Reducing gasoline dependency has been a hot issue for the developed world for some time now. Unfortunately, it hasn’t been very successful. Alternative fuel sources have been more expensive, or more toxic, to produce than gasoline, so gasoline is still the primary fuel source for many vehicles. New research coming from the University of Central Florida may be changing the game, though, with cheap and environmentally friendly ethanol produced from common organic waste products.
University of Central Florida professor Henry Daniell has developed a groundbreaking way to produce ethanol from waste products such as orange peels and newspapers. His approach is greener and less expensive than the current methods available to run vehicles on cleaner fuel – and his goal is to relegate gasoline to a secondary fuel.
Dr. Daniell’s success involves using a complex mix of organic enzymes to break down starches into sugars, and then ferment that into ethanol. This approach produces less greenhouse gases than corn starch fermentation used to create ethanol now. And since this technique uses waste products, we get a two-for-one benefit! “In Florida alone, discarded orange peels could create about 200 million gallons of ethanol each year, Daniell said.”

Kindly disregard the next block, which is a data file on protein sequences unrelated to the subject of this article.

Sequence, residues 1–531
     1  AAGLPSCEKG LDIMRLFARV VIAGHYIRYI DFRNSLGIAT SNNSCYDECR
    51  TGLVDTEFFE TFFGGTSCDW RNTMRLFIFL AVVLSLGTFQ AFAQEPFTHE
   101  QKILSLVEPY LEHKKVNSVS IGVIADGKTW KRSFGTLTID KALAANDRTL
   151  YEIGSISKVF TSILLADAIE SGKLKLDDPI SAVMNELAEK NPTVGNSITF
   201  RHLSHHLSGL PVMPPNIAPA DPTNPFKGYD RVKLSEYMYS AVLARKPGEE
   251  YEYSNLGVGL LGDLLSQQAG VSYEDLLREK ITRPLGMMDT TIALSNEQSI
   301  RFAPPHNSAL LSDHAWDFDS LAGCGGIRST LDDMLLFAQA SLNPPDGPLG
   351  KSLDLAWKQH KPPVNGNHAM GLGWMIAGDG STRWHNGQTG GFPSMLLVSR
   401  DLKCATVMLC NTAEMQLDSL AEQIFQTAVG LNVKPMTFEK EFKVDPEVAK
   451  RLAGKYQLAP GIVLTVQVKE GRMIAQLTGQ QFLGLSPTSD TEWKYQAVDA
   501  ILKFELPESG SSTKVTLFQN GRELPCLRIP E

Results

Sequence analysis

Daniell’s work is going even farther, though, trying to produce the necessary enzymes in tobacco plants, rather than synthetic processes. Why tobacco? “It is not a food crop, it produces large amounts of energy per acre and an alternate use could potentially decrease its use for smoking.”
While the research still needs refinement, and actual productization is still a long ways off, this kind of integrated, holistic approach to the problem seems like a big win.